• If things are too bad, and you can’t fight the anxiety for weeks on end, let a therapist address your issue.

Sign 5: You can’t afford a mistake

Life is brimming with both failures and achievements, and it’s always easier to try new things when the fear of failure doesn’t paralyse you. Perfectionists are likely to disagree. They hate making mistakes. Blaming themselves for being too slow, stupid or lazy, they fail to forward to success. Sounds like your behavioural pattern? If so, you shoot yourself in the foot.

Every mistake is a perfect breeding ground for new ideas and creativity. If you don’t want to end up losing all your ambitions and throw obstacles in your own career growth, go easy on yourself.

There always be some bumps along the way, and no one is immune to mistakes. Success involves peaks and valleys, so relax and take failures in stride. Think of the benefits brought by collapse: they are self-development, chances to seek new approaches, ideas and concepts.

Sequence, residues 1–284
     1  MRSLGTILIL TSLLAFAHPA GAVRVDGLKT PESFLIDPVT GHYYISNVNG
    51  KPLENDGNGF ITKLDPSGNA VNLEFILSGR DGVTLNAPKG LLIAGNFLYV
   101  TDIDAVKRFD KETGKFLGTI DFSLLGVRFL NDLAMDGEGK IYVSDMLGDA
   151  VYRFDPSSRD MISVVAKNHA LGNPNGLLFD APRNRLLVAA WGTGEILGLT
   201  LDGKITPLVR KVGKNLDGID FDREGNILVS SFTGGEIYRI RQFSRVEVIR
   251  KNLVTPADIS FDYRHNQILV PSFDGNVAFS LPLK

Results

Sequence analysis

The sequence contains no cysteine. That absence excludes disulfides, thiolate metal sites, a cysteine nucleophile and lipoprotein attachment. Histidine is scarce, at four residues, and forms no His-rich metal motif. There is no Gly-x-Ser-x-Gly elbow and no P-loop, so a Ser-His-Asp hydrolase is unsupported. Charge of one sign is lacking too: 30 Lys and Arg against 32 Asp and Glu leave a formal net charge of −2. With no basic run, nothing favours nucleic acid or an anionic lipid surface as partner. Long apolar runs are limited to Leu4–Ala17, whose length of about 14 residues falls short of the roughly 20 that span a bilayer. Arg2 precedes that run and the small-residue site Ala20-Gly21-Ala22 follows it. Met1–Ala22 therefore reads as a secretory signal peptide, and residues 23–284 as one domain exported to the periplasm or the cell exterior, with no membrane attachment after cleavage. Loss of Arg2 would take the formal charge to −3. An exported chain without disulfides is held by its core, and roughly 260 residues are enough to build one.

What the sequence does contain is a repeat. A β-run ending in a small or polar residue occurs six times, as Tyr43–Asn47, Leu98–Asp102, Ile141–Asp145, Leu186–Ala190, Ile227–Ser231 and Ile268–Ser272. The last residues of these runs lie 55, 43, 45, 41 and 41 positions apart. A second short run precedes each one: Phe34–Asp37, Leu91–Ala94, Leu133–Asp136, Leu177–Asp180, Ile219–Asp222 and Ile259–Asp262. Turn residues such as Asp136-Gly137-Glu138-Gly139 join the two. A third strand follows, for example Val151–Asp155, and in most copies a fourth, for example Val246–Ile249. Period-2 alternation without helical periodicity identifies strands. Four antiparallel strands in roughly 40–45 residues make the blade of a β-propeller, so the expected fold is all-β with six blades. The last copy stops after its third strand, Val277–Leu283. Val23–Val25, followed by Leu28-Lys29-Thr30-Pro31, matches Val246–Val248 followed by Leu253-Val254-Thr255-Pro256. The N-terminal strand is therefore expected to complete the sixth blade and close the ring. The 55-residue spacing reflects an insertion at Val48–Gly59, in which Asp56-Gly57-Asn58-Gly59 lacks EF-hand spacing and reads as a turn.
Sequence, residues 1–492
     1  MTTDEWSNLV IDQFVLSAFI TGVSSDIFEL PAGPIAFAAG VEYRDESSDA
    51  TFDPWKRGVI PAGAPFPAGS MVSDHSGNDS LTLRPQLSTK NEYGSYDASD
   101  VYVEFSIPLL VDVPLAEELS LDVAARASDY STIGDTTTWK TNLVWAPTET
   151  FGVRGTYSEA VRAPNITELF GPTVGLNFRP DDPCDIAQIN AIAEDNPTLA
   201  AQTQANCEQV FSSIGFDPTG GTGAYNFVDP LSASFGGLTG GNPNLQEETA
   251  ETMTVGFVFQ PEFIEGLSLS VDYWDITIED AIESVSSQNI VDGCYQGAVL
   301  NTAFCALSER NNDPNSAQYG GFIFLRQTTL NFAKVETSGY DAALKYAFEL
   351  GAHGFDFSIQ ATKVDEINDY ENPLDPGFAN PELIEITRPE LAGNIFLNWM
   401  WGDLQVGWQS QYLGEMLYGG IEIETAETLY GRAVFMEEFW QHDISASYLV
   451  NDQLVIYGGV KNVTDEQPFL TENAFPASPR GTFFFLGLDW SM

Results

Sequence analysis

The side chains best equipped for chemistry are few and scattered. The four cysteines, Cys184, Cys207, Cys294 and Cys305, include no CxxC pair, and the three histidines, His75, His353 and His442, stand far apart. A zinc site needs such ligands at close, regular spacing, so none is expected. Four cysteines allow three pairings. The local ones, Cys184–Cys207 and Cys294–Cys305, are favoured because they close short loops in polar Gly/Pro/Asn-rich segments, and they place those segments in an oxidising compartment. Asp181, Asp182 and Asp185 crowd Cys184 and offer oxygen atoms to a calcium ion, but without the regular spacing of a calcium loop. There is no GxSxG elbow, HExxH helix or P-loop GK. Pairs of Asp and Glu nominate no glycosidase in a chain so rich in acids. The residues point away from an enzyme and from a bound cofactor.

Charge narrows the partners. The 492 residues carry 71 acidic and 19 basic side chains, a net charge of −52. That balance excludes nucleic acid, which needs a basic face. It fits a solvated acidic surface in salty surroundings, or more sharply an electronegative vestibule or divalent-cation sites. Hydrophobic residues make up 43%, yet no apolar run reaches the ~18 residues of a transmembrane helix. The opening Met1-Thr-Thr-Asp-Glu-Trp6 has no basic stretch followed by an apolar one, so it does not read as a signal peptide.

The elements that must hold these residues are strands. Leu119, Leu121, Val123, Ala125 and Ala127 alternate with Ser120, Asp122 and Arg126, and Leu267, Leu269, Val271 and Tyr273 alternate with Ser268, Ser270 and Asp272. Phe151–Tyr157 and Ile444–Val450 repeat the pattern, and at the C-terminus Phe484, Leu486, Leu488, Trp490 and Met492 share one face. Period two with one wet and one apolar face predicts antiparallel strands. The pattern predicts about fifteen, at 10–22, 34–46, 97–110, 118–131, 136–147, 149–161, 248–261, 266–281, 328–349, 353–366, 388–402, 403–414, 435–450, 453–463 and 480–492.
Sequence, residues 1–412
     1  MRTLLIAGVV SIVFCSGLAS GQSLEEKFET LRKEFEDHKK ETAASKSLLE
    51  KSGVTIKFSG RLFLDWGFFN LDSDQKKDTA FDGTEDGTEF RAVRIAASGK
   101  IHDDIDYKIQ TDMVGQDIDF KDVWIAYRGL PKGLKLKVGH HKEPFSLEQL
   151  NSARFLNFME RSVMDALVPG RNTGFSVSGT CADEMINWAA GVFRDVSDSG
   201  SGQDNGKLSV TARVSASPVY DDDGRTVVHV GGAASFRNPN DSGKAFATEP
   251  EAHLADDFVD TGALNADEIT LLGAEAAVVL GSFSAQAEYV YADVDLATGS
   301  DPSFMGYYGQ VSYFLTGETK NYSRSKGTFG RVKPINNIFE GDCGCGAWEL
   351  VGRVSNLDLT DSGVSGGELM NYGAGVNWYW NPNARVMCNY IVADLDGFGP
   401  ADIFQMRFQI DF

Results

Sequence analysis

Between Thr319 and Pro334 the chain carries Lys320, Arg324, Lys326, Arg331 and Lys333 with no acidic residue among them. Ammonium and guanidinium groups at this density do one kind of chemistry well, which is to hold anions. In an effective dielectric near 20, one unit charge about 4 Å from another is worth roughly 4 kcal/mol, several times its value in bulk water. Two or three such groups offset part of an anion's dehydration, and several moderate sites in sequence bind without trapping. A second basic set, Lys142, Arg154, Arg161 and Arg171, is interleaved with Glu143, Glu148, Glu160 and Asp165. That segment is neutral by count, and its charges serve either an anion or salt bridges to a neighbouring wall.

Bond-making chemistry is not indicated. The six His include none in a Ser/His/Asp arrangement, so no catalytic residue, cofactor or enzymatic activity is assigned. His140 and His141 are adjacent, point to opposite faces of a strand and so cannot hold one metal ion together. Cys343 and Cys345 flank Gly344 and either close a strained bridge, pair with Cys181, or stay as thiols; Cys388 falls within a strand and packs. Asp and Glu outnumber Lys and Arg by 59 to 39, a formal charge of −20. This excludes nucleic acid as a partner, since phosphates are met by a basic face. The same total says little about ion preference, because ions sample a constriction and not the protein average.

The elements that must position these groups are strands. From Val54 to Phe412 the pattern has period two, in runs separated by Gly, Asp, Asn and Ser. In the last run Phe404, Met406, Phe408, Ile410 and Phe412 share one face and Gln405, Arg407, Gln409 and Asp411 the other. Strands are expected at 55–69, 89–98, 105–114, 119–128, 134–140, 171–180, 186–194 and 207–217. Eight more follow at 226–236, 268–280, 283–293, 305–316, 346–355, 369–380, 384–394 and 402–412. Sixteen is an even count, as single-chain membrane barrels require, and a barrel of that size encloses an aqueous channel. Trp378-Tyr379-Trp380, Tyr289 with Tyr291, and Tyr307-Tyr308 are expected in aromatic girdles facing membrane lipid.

Final words

Perfectionism is fine as long as it makes you a better version of yourself. Some perfectionistic aspects can catapult you forward to the insane success. Keep them!

And remember that perfectionism can be disruptive, holding you back and making you feel miserable. That is where you should spot the obsessiveness (hope this material will help you out) and give help a chance. Turn to a therapist if need be or follow the above-mentioned advice to bid farewell to the disorder.

This content is accurate and true to the best of the author’s knowledge and does not substitute for diagnosis, prognosis, treatment, prescription, and/or dietary advice from a licensed health professional. Drugs, supplements, and natural remedies may have dangerous side effects. If pregnant or nursing, consult with a qualified provider on an individual basis. Seek immediate help if you are experiencing a medical emergency.

© 2020 AngelinaGromova